don't need to ask my patients all of these
kinds of questions. I can tell what's wrong
just by looking. Why can't you?"
The doctor nodded, then proceeded
to look the sick vet up and down.
Finally, he wrote a prescription and
gave it to the veterinarian. "Here you
go," he said. "Of course, if this doesn't
work, we'll have to put you down."

Observation
"I am pretty sure that, if you will
be quite honest, you will admit that
a good rousing sneeze, one that tears
open your collar and throws your hair
into your eyes, is really one-of life's
sensational pleasures."
-American humorist Robert
Benchley (1889-1945)

Last words
"Now why did I do that?"
English general William Erskine
(1770-1813) afterjumping from the win-
dow ofa tall building in Lisbon, Portugal


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SCMG Central Florida Page 5B


Wednesday, May 16, 2012


another medicine used for gout attacks,
and it's been around for many, many
decades. I'm positive that it, too, is
obtainable in Myanmar. For prevention
of attacks, medicines that lower uric
acid work well. Uric acid is a byproduct
of cell chemistry and cell recycling. It's
also responsible for gout. Crystals of
uric acid form in the joints when blood
uric acid is high. Allopurinol, a medicine
that slows uric acid production, or
probenecid, a medicine that encourages
the passage of uric acid into the urine,
are both easily obtained in your country.
They've been used for many years all
over the world.
DEAR DR. DONOHUE: I am 85 and
a retired RN. My daughter makes our
doctor appointments for the same time.
Last week, I knew the doctor was in a
hurry. The appointment lasted less than
10 minutes. He went directly from my
room to the next. The nurse told my
daughter that the doctor was sick that
day. He did not wash his hands between
patients. I would appreciate an article
on the importance of doctors and
nurses washing their hands. L.S.
ANSWER: What can I say? You're right
on. There's no excuse for not adhering
to the most effective way to prevent the
spread of germs.


I







~Page 6B SCMG Central Florida Wednesday, May 16,2012


Development director


named at Cornerstone


Kathleen Border
was appointed
regional develop-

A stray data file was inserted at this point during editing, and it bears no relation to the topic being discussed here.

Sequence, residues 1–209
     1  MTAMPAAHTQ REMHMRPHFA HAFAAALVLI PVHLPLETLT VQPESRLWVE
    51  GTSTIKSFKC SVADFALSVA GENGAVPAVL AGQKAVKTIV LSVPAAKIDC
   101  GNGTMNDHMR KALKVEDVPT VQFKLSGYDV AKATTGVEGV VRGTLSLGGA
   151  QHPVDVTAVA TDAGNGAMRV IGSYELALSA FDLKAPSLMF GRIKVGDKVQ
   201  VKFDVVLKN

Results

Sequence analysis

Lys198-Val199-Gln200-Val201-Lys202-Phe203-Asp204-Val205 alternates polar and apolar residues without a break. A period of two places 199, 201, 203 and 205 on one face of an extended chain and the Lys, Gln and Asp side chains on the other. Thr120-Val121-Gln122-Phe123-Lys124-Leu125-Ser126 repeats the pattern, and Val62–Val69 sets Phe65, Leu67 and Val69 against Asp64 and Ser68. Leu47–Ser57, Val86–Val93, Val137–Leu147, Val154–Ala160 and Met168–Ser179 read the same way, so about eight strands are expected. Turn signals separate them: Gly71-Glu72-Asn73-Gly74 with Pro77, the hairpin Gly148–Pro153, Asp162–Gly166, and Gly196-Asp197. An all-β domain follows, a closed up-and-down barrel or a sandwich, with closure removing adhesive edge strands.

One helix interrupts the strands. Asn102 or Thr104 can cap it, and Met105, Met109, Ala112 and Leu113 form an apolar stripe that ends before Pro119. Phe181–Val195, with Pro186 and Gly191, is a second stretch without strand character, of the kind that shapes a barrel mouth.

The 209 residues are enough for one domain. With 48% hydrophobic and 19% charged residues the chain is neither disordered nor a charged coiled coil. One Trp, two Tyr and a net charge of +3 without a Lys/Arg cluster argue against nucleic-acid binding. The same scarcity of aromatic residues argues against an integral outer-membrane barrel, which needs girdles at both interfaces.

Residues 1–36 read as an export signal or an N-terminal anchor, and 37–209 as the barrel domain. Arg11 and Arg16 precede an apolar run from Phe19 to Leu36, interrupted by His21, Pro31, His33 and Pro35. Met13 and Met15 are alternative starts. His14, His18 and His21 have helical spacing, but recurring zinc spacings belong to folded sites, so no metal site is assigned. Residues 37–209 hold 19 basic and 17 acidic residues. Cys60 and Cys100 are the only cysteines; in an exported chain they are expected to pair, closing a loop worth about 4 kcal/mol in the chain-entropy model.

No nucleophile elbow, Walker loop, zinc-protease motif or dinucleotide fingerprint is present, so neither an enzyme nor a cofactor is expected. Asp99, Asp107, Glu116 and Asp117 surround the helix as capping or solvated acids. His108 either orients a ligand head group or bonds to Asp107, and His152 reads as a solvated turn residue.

ment director
for Cornerstone
Hospice
Foundation, said
Nick Buchholz,
executive director
for the multi-


[I I


countyy nonprofit
that cares for I-
patients facing a Kathleen Border
life-threatening or
life-limiting illness
throughout central Florida.
"Kathleen has resided right here in
our tri-county region for the past 15
years, she knows the local communities,
has participated in numerous regional
boards and will have responsibility over
all fundraising efforts for Cornerstone
Hospice throughout Polk, Highlands
and Hardee counties," said Buchholz,
speaking at the nonprofit's offices on
Havendale Blvd. in Winter Haven.
Border comes to Cornerstone Hospice
with several years of experience in vari-
ous roles and capacities in healthcare,
foundation and marketing concerns
such as OMNI Homecare of Sebring;
Florida Home Health of Sebring; direc-
tor of marketing, public relations and
.business development with Highlands
Regional Medical Center in Sebring;
served as director of development and


later as executive director of Ridge Area
Arc Foundation in Avon Park and served
in public relations and marketing
capacities at South Florida Community
College in Avon Park and at News Sun in
Sebring.
Border has a bachelor of science
degree from the University of Florida
in Gainesville and an Associate degree
from Broward Community College in
Coconut Creek.
"Kathleen Border has been a commu-
nity fixture throughout central Florida,
being highly distinguished for her
selfless work as Ambassador, Sebring